By Alex Guillén , Ben Lefebvre 04/09/2021 03:09 PM EDT
A federal judge on Friday said he plans to decide as soon as late April whether to order the Dakota Access pipeline to shut down as it undergoes a new environmental analysis.
Details: Justice Department attorney Ben Schifman on Friday told Judge James Boasberg of the U.S. District Court for the District of Columbia that the Army Corps of Engineers has no plans to use its enforcement authority to order the pipeline to shut down. But he also noted that the agency reserves the right to do so should Dakota Access stop complying with the conditions laid out in the easement that has been faulted by both Boasberg and the D.C. Circuit Court of Appeals.
Jan Hasselman, an Earthjustice attorney representing the Standing Rock Sioux tribe, blasted the Biden administration for not shutting down Dakota Access.
“The company gets to keep the benefits of operating that pipeline that was never properly authorized while the community has to bear the risks and consequences,” he said. “It’s not right. It’s a continuation of a terrible history that we believed was going to change. We’re really disappointed to hear this news from the Army Corps.”
The judge also said he was “a little surprised” that the Biden administration hadn’t decided whether to shut down the pipeline. “I would have thought there would have been a decision one way or the other at this point,” Boasberg said.
The tribes’ shutdown request: Boasberg said that given the Biden administration’s lack of action, he plans to rule on the tribes’ motion to order the pipeline shut down, which has been on hold since it was filed last fall.
Boasberg gave the pipeline operator until April 19 to update its filings with the latest estimates of the economic consequences of closing the pipeline, a key part of the judicial formula Boasberg will use to decide on a shutdown. The tribes will have an opportunity to respond, after which Boasberg said he will rule, leading to a possible decision by late April.
Complicating things is Dakota Access’ plan to seek an en banc rehearing before the full D.C. Circuit of its January ruling. Until that matter is settled, which likely will take several months, the company argued that Boasberg should not act on the tribes’ request for an injunction. Boasberg said he would consider whether the en banc process would prevent him from ruling.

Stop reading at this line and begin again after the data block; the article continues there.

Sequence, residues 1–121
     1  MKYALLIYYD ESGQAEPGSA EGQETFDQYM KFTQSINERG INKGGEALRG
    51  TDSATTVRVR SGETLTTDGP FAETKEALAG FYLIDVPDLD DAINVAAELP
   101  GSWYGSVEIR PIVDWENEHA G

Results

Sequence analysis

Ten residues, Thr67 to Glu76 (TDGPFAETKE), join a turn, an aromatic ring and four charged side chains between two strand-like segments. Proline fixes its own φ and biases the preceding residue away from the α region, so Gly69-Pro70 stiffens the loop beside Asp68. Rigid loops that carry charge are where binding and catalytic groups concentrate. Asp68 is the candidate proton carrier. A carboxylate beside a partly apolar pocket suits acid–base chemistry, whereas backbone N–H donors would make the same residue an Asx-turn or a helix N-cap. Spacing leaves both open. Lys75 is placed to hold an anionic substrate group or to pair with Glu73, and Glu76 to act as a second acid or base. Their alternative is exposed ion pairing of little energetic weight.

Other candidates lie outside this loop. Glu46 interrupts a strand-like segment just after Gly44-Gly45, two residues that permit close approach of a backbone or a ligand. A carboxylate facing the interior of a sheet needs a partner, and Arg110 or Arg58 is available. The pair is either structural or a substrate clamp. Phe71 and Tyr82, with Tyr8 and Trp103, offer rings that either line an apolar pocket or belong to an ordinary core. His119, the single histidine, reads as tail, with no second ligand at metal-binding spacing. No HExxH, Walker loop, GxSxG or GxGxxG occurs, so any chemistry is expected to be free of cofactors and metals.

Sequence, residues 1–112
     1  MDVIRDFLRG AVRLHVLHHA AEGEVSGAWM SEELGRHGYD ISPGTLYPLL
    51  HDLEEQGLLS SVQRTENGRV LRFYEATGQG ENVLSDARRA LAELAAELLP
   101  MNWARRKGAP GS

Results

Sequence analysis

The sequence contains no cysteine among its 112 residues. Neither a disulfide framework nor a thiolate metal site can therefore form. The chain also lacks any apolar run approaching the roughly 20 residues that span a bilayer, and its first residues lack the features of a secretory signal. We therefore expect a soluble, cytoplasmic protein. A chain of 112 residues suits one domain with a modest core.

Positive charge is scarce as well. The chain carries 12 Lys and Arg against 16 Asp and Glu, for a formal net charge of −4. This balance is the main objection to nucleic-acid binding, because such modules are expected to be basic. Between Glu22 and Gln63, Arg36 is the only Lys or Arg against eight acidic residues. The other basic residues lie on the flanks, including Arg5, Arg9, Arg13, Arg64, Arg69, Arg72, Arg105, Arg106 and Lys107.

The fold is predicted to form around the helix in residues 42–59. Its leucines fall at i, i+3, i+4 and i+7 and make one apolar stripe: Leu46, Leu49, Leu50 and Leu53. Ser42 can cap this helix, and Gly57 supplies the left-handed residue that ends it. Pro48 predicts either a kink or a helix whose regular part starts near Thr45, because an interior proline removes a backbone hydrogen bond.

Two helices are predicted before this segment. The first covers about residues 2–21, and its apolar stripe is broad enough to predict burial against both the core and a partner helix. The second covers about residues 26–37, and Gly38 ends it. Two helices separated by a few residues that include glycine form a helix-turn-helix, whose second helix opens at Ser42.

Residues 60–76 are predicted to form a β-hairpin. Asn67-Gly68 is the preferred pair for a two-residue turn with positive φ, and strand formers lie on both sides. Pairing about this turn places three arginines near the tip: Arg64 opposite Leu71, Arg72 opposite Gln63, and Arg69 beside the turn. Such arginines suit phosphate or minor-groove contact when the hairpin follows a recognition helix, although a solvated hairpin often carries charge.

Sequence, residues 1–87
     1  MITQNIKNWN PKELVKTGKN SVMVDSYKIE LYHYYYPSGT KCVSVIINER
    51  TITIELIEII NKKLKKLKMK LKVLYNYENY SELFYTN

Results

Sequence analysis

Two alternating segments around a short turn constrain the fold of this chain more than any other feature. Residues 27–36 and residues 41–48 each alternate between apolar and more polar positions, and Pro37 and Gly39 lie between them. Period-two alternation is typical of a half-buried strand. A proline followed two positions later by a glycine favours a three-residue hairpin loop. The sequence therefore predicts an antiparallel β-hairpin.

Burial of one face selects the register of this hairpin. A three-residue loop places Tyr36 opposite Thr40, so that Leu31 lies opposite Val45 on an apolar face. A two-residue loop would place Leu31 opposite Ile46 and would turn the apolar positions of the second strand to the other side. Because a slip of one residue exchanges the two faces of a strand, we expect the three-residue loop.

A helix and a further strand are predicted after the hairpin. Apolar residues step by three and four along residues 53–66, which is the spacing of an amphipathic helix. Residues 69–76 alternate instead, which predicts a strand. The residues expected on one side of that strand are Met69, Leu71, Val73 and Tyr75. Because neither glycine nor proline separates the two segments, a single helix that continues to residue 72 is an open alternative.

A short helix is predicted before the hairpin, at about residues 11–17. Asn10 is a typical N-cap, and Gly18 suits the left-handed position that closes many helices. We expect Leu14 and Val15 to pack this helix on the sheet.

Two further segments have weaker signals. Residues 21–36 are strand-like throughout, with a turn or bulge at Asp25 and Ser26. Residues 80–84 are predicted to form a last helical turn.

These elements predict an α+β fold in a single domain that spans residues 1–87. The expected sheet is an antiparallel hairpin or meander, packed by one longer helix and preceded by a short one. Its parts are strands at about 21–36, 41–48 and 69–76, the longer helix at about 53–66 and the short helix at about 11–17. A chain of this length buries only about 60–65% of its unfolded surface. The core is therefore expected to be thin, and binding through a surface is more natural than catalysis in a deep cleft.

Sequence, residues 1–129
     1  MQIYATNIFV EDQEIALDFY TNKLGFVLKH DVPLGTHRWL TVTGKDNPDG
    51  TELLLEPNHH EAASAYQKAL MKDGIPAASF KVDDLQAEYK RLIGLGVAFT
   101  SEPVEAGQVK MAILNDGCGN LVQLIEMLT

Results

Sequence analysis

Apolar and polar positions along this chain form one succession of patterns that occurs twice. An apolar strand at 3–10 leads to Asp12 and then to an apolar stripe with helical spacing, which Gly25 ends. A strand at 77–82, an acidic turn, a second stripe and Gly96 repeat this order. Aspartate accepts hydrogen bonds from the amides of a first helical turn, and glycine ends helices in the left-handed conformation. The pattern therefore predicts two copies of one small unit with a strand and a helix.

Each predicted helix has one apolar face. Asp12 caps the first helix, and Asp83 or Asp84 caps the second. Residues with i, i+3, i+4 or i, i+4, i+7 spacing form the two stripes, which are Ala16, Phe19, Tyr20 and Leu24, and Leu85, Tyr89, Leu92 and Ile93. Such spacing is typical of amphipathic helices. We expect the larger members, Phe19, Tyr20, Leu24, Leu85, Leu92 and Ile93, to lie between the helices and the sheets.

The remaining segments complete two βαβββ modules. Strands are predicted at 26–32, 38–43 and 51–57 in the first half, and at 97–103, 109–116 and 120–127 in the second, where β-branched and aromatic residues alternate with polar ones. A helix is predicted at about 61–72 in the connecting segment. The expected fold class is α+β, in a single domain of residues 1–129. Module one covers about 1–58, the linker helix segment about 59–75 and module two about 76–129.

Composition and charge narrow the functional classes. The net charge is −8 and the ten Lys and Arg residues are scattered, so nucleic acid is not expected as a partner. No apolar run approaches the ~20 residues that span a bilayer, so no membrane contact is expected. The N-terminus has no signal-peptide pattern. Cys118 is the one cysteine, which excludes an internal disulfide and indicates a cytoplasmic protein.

What’s next: Dakota Access has until Monday to file its en banc appeal in the D.C. Circuit. Meanwhile, Schifman, the Justice Department attorney, said the Army Corps tentatively expects to finalize the environmental impact study in March 2022.
Context: The decision comes months after Boasberg ruled that the Corps did not conduct a proper environmental review of the pipeline where it crossed over federal property near Lake Oahe in North Dakota, an area that impacts the water supply for the Standing Rock Sioux and other bands of the Sioux tribe in the area. Boasberg ruled that the Corps had to complete a proper review, with the only question being whether it would order the pipeline to shut down while it did so.
Tribes early in the Biden administration called for the federal government to do just that. Meanwhile, oil industry representatives argued that shutting it down would starve refineries of oil supply and raise fuel prices.
Dakota Access has been a political football for years. The Obama administration denied permits necessary for the project, which brings up to 570,000 barrels a day of oil from the Bakken shale field in North Dakota to refineries in the Midwest. Former President Trump greenlit the permits, but environmental activists and tribes argued that the administration didn’t do its due diligence in reviewing the possible impacts of an oil leak.
Energy Transfer, which owns Dakota Access, also has ties to the previous administration. Kelcy Warren, a Dallas billionaire and prominent Trump ally and Republican campaign donor, was the company’s chief executive until October and is currentlyexecutive chair of the company and its top shareholder. Energy Transfer also hired former Energy Secretary Rick Perry to its board.